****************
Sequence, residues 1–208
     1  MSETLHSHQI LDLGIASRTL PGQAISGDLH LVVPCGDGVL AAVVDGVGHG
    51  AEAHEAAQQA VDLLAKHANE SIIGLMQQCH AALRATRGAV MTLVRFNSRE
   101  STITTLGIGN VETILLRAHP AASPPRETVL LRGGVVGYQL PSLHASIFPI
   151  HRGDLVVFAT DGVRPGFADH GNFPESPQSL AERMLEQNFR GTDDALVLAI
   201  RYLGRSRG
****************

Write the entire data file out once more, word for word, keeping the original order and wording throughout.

Sequence, residues 1–208
     1  MSETLHSHQI LDLGIASRTL PGQAISGDLH LVVPCGDGVL AAVVDGVGHG
    51  AEAHEAAQQA VDLLAKHANE SIIGLMQQCH AALRATRGAV MTLVRFNSRE
   101  STITTLGIGN VETILLRAHP AASPPRETVL LRGGVVGYQL PSLHASIFPI
   151  HRGDLVVFAT DGVRPGFADH GNFPESPQSL AERMLEQNFR GTDDALVLAI
   201  RYLGRSRG